(2) whether of the two readings is to be accepted? Dean Alford (see his Commentary, in loc.) prefers to leave the difficulties unsolved. Dr. J. Fye Smith ('Script. Test.,' vol. 1. p. 208), Dr. Boothroyd, and others, with little hesitation, express their conviction that the original and correct phrase is that adopted by the LXX. Calmet suggests, "On lit dans l'hebreu antes, peutetre pour corpus autem. Archdeacon Farrar says, in his notes on Hebrews 10:5-7, Finding the rendering in the LXX., believing it to represent the true sense of the original (as it does), and also seeing it to be eminently illustrative of his subject, the writer naturally adopts it." On the whole, then, the variation presents an interesting point in textual criticism, rather than any doctrinal difficulty. Since, in either case, the substantial meaning is, "My bodily frame has been marked out and sealed for the performance of thy will." By the very frequent quotation from the LXX. rather than from the Hebrew, even when they vary, the sacred writers show how much more important in their view was the main thought than the precise form of expression. Having, then, in two separate homilies, dealt with this psalm in its application to David, we will now luxuriate in these verses as finding their highest and noblest application in Christ, and in him alone. In so doing, eight lines of thought require to be laid down.

I. THERE IS A MOMENTOUS PRINCIPLE UNDERLYING BOTH THE HEBREW AND THE CHRISTIAN ECONOMIES. It is this - that sin has disturbed the relations between man and God, so that nothing is right with man till these relations are readjusted and harmony is restored. The whole of the Mosaic economy was an education in the evil of sin. "By Law is the knowledge of sin" (Romans 3:20); "The Law was our child-guide unto Christ" (Galatians 3:24).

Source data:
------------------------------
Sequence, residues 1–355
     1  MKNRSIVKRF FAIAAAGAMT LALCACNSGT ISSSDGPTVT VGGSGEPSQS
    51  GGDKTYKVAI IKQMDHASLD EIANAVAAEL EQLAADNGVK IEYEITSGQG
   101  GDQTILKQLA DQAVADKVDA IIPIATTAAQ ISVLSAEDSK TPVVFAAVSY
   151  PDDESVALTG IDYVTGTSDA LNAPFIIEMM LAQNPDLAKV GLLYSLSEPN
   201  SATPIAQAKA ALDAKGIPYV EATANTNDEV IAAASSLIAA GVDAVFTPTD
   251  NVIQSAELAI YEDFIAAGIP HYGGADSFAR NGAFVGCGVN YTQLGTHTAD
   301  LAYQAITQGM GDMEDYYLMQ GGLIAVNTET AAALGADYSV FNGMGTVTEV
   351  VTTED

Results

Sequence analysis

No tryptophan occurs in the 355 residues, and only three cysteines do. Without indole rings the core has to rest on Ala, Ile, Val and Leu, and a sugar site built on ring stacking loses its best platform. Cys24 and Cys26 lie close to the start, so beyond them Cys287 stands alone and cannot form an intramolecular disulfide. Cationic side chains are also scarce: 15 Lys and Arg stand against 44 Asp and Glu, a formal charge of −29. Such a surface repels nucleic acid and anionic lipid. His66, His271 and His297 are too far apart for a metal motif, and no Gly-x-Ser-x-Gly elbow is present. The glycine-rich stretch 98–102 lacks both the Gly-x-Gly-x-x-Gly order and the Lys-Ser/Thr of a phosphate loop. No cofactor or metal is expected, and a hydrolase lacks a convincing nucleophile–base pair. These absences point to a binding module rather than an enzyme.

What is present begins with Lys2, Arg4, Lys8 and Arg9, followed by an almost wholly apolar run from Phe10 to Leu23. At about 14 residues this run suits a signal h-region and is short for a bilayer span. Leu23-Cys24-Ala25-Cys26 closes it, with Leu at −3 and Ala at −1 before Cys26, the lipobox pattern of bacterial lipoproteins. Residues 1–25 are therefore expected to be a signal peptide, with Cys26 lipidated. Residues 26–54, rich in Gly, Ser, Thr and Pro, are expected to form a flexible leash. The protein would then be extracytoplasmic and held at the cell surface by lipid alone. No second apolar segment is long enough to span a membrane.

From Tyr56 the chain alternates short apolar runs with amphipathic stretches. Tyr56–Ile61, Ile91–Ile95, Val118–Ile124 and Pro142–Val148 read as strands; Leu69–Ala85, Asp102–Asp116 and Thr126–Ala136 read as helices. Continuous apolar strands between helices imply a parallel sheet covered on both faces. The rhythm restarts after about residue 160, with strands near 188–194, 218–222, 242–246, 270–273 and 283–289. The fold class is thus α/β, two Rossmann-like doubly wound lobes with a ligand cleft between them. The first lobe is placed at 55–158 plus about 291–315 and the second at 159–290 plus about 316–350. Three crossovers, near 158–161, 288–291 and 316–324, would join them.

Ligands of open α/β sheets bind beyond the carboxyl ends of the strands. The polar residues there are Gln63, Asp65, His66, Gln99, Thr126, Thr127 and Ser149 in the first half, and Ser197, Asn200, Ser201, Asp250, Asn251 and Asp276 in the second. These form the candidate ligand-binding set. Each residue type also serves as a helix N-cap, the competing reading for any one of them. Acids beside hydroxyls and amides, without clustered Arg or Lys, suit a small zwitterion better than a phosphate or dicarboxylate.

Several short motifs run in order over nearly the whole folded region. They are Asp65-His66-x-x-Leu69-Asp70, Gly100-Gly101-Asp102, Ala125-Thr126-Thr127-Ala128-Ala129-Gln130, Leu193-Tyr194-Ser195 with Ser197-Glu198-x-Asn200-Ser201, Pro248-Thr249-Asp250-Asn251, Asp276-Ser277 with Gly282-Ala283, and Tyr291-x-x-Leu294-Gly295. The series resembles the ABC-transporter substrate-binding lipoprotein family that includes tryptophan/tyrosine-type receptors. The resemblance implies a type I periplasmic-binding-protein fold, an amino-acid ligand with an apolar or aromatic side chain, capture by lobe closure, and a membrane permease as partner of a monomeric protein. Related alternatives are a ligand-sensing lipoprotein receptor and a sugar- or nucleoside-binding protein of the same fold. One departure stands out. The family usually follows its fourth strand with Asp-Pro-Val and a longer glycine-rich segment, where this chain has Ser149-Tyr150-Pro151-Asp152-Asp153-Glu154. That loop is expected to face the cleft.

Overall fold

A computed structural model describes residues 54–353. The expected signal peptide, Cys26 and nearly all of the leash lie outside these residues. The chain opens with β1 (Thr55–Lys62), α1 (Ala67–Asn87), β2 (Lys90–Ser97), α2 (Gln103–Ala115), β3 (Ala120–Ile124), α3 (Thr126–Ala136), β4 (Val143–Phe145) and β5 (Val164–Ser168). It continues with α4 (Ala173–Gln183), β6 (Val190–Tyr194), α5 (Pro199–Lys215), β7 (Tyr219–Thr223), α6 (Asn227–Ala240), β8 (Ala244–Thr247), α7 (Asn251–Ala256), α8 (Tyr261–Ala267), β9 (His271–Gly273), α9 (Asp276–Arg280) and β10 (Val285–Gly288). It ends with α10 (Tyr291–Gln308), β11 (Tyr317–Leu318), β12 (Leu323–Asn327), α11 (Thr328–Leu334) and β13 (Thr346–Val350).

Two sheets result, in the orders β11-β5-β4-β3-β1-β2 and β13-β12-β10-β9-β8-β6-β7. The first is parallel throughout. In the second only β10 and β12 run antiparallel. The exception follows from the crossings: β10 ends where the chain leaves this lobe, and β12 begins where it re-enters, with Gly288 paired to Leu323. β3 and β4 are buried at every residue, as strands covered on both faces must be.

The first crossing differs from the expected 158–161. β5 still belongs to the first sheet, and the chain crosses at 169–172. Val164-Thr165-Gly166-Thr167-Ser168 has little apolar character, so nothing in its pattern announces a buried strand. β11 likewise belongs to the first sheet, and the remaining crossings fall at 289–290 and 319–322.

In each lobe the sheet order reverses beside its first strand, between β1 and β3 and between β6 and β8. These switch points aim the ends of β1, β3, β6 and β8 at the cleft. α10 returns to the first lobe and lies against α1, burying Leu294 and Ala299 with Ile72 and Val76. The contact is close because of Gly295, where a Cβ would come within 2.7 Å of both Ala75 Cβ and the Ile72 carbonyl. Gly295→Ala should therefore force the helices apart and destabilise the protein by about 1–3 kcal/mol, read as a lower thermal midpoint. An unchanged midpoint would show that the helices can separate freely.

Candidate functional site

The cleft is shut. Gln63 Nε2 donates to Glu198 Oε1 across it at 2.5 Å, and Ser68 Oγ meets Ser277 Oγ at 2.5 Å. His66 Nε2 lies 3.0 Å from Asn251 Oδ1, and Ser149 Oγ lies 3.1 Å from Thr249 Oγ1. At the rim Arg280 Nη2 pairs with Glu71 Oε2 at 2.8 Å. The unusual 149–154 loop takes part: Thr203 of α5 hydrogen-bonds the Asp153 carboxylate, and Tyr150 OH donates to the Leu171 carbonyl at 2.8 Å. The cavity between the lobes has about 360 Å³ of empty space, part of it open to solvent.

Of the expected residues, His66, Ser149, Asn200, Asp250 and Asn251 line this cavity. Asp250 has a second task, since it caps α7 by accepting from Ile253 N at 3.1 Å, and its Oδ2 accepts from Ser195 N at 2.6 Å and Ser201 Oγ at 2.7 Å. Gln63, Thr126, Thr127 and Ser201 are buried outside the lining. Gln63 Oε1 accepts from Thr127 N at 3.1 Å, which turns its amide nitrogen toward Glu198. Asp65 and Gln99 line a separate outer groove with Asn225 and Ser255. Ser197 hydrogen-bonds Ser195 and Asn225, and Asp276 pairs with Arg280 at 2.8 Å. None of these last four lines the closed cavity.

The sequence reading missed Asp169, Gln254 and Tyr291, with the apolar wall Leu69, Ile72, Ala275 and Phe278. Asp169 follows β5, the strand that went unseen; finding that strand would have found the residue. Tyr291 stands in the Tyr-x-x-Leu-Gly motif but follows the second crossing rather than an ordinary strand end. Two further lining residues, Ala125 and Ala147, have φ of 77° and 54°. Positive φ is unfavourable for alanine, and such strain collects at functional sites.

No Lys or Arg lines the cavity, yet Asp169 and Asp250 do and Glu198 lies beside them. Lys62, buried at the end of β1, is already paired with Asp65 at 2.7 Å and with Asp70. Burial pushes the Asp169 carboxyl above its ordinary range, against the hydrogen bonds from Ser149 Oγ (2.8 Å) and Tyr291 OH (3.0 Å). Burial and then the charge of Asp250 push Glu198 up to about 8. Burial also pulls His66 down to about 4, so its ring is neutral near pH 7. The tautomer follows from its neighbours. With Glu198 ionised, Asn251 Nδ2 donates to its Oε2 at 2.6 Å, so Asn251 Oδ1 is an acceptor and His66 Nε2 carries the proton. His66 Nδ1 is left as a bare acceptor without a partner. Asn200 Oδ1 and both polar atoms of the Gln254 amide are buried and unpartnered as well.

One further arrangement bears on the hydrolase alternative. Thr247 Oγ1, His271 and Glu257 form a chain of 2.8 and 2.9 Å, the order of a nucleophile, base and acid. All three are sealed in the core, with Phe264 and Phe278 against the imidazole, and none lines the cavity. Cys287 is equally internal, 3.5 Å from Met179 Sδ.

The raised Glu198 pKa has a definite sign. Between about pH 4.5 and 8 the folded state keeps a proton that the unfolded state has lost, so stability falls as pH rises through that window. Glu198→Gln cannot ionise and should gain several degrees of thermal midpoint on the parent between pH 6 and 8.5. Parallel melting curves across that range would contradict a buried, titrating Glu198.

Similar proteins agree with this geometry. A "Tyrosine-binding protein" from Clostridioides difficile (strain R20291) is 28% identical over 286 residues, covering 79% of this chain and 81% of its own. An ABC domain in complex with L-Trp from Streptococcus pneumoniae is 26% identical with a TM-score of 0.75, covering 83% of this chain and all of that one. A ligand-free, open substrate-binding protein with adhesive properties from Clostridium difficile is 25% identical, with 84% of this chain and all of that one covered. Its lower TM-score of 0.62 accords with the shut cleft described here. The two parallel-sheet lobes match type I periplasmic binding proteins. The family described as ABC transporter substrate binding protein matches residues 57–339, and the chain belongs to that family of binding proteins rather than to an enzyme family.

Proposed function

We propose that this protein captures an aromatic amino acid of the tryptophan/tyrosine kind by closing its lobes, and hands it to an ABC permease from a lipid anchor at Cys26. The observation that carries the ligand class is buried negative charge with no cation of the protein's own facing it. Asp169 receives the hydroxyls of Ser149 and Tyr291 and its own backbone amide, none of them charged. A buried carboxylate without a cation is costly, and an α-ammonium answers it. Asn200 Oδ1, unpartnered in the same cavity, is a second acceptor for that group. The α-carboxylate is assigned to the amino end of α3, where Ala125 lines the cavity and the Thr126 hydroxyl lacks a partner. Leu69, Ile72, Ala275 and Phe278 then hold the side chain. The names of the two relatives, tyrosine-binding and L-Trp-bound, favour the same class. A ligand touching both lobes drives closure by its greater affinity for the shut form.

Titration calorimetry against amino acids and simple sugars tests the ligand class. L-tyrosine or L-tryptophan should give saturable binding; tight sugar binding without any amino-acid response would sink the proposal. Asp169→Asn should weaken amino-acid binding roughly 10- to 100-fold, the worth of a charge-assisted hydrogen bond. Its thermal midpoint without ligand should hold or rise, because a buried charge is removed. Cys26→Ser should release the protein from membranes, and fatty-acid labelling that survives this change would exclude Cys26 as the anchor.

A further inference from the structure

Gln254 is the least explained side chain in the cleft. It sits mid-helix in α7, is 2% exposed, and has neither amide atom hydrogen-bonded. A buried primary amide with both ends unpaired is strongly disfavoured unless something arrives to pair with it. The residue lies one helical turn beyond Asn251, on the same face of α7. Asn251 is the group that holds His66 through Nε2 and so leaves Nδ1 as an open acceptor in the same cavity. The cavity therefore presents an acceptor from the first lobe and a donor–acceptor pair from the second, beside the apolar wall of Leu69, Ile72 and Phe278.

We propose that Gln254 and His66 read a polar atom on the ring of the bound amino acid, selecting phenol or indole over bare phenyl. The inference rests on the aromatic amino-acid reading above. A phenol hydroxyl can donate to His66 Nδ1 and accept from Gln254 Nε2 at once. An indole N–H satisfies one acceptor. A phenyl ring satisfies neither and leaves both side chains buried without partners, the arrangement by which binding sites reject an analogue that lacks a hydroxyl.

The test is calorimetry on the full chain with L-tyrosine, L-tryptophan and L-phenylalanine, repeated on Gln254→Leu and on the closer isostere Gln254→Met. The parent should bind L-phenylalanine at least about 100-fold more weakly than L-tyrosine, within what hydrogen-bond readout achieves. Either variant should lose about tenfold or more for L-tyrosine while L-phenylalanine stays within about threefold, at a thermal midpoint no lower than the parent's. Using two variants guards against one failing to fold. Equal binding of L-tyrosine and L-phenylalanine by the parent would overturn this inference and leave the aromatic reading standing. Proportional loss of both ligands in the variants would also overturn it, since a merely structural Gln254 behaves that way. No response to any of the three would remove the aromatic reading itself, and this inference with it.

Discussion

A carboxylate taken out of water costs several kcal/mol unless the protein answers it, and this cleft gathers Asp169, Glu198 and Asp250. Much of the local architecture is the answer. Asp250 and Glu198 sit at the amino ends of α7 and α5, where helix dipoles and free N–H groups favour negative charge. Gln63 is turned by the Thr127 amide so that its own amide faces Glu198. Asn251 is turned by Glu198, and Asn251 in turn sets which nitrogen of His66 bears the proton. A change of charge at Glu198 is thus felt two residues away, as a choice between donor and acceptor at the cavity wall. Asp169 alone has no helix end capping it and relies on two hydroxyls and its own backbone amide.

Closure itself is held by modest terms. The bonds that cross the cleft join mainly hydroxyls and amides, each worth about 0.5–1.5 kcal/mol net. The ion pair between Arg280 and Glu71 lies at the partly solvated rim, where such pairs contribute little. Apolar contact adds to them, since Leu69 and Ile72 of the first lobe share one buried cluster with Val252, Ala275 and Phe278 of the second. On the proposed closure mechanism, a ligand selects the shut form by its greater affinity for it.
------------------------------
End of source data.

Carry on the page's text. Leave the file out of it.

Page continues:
II. UNDER THE LAW, THE PEOPLE WERE TAUGHT THAT SIN MUST BE PUT AWAY BY SACRIFICE. "Without shedding of blood is no remission" (Hebrews 9:22). But there will ever remain this wide, this infinite, difference between Jewish and pagan sacrifices - the pagan sacrifices started from man, and expressed his desire to propitiate God; the Jewish sacrifices were appointed by God himself, as by One pardoning iniquity, transgression, and sin, who would cancel guilt only as sin had been condemned.

III. THE VARIED SACRIFICES UNDER THE LAW WERE BUT A "FIGURE FOR THE TIME THEN PRESENT." The doctrine of the insufficiency of fleshly sacrifices is found not only in the Epistle to the Hebrews, but also in the Old Testament (see 1 Samuel 15:22,-23; Psalm 51:16; Psalm 40:6-8; Isaiah 1:11-17; Jeremiah 7:22, 23; Micah 6:6-8). The more discerning and spiritually minded of the Hebrew saints saw and felt how ineffective were all the varied offerings to ensure peace with God; and, because ineffective, they were necessarily typical Hence -